Study Finds Individual Housing Reduced Coronavirus Rates in People Experiencing Homelessness

Persons experiencing homelessness (PEH) who were at high risk of severe COVID-19 were 2.5 times less likely to contract COVID-19 if they were provided with individual hotel rooms and medical and social support compared to citywide rates in homeless shelters, according to new research from the University of Chicago Medical Center. The findings provide hard data demonstrating these types of interventions can be highly effective for improving stability for PEH and that increasing healthcare and social support access can drive better health outcomes and improve health equity. “All of this has public health implications. When you think about how much time and money is spent every time someone ends up in the ER because they’re experiencing homelessness…These data show us that a medical housing approach could help,” said Elizabeth Tung, M.D.

Tips on How to Work Happily from Home as COVID Cases Increase

The number of daily COVID-19 cases in the U.S. topped 197,000 last week, nearing the record of 251,000 new daily cases set in January. The Centers for Disease Control and Prevention DC predicts that the Omicron variant represents about 73% of COVID-19 cases in the U.S. which means many people may continue to work from home in 2022. It’s essential to have strategies in place to minimize your stress levels and help you stay focused. Here are ways by PR Daily to stay productive and happy while working from home: create a designated workspace, establish a balanced schedule, and take measures to avoid burnout like taking a break when you are stressed. Here are more tips on how to successfully work from home.

P.E.E.R. Center Sponsoring Trainings on Ethics & Co-Occurring Disorders

The P.E.E.R. Center, in partnership with OhioMHAS, is offering two upcoming training opportunities for peer recovery supporters in Ohio. Click the links below for more information and to register. You will be muted throughout the webinar but will be able to email questions to jdoodley@thepeercenter.org ahead of time. You will also be able to ask questions in the chat during the live session. The ethics webinar is ceu eligible. Inquire with your licensing board for the exact number of approved hours.

Jan. 12 | New Ethical Dilemmas in a Digital Age

Jan. 27 | Understanding Mental Health & Substance Use Disorders: Co-Occurring Training for PRS

NIMH Speaker Series: Addressing Social Determinants to Optimize Infant Brain Development – Jan. 18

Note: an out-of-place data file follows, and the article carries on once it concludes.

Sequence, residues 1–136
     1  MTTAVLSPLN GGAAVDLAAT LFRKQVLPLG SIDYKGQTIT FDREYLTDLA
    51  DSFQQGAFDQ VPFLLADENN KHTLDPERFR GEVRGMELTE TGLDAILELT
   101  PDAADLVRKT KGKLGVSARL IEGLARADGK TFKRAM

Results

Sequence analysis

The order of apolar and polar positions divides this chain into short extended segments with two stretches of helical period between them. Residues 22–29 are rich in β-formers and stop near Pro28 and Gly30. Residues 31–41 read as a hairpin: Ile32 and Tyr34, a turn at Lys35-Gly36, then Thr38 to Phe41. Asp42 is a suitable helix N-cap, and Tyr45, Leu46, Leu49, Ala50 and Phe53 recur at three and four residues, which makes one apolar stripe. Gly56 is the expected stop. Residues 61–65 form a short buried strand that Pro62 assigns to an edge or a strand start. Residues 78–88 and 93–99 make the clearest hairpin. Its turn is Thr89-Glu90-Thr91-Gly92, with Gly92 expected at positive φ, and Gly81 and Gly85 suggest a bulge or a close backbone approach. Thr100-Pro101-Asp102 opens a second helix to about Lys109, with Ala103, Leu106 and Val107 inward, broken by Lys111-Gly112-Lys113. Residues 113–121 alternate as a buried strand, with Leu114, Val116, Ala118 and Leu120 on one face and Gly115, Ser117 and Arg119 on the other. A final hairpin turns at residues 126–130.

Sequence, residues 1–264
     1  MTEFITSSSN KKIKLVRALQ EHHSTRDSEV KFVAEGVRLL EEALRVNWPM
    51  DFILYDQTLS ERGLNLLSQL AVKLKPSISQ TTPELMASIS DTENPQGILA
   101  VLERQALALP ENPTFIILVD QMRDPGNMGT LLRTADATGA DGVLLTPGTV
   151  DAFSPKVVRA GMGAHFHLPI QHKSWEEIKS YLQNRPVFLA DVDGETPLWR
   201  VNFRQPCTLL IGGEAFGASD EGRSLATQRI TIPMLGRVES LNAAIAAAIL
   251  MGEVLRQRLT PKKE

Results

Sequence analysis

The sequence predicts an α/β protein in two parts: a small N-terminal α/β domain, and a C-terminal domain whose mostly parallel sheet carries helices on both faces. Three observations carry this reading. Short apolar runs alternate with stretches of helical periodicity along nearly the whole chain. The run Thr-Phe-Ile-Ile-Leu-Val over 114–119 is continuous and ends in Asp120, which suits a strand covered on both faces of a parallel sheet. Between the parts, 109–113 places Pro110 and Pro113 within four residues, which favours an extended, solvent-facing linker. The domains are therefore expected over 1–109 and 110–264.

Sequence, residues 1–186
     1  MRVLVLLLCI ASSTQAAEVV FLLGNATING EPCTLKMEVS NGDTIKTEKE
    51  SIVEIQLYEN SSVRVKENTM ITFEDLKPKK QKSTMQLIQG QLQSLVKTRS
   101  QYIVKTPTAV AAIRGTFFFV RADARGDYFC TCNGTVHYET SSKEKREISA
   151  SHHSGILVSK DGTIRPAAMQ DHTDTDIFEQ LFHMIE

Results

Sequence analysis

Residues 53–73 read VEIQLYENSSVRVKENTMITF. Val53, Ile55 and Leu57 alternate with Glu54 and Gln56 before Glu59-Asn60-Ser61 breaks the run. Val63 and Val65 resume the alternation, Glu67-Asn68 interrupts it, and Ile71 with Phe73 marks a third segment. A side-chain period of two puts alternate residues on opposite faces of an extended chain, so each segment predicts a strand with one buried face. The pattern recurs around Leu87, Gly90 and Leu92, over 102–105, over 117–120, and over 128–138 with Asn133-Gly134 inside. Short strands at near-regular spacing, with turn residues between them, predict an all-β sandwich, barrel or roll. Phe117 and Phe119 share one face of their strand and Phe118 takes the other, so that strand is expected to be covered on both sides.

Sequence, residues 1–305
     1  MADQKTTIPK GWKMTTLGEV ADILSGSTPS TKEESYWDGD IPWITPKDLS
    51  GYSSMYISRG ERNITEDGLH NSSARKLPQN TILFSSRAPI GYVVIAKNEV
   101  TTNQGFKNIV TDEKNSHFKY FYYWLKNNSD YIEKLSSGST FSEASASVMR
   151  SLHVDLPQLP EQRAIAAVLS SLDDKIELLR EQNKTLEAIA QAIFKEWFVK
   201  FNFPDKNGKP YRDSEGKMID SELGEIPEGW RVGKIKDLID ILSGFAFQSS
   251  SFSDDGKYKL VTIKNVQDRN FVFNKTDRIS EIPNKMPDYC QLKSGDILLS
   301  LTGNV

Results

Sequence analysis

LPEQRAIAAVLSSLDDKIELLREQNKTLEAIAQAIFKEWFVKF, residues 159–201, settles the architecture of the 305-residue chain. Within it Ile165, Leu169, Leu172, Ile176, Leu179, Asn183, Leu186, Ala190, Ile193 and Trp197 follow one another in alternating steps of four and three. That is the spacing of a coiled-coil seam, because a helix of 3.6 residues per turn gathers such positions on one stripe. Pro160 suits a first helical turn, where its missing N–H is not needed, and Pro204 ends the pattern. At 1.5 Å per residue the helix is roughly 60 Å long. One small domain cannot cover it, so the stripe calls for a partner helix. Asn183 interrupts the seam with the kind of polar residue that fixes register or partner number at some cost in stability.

The National Institute on Mental Health will continue its Director’s Innovation Speakers Series on Jan. 18 at 3:00 p.m. with a virtual presentation of  Addressing Social Determinants to Optimize Infant Brain Development. In this lecture, Cynthia Rogers, M.D. will provide an overview of adverse exposures and their influence on child development, discussing exposure to poverty, crime, and pre-and postnatal exposures to psychopathology and substance use. Dr. Rogers will also discuss ongoing longitudinal studies examining the role of social determinants on neonatal brain development, subsequent social-emotional development, and prevention and intervention strategies to optimize child development. Dr. Rogers is a professor of psychiatry and pediatrics and associate director of the Center for the Study of Race, Ethnicity, and Equity at Washington University. Dr. Rogers also co-directs the Washington University Neonatal Development Research (WUNDER) group. Click HERE to register.

Supervision in Clinical Settings – Feb. 4

The Ohio Children’s Alliance is sponsoring a Supervision in Clinical Settings training on Feb. 4. Led by Jennifer Haywood, LISW-S, LICDC-CS, this three-hour training will review the types of supervision, the stages of supervision and some of the pitfalls that can occur when someone is becoming a supervisor. The transition from worker to supervisor will also be covered as well as supervision theories. Ways to improve the administrative, educative, and supportive roles will be discussed and demonstrated. Strengths that a social worker should possess if doing supervision will also be reviewed. Click HERE for more information and to register.

Peer Recovery Support Trainings for Veterans